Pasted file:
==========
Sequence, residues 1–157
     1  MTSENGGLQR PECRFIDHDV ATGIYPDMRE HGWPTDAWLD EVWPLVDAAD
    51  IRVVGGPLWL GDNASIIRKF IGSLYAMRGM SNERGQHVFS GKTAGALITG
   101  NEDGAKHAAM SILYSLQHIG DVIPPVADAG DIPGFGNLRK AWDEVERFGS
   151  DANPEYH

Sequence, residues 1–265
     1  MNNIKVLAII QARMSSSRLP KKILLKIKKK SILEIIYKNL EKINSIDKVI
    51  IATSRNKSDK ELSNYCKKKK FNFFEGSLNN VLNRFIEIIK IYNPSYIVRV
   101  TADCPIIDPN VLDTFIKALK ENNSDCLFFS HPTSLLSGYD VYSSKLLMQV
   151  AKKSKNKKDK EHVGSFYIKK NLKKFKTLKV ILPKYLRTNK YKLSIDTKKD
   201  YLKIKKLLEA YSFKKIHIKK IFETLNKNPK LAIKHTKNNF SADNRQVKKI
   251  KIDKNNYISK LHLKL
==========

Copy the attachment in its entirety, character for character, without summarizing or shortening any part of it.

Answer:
Sequence, residues 1–157
     1  MTSENGGLQR PECRFIDHDV ATGIYPDMRE HGWPTDAWLD EVWPLVDAAD
    51  IRVVGGPLWL GDNASIIRKF IGSLYAMRGM SNERGQHVFS GKTAGALITG
   101  NEDGAKHAAM SILYSLQHIG DVIPPVADAG DIPGFGNLRK AWDEVERFGS
   151  DANPEYH

Sequence, residues 1–265
     1  MNNIKVLAII QARMSSSRLP KKILLKIKKK SILEIIYKNL EKINSIDKVI
    51  IATSRNKSDK ELSNYCKKKK FNFFEGSLNN VLNRFIEIIK IYNPSYIVRV
   101  TADCPIIDPN VLDTFIKALK ENNSDCLFFS HPTSLLSGYD VYSSKLLMQV
   151  AKKSKNKKDK EHVGSFYIKK NLKKFKTLKV ILPKYLRTNK YKLSIDTKKD
   201  YLKIKKLLEA YSFKKIHIKK IFETLNKNPK LAIKHTKNNF SADNRQVKKI
   251  KIDKNNYISK LHLKL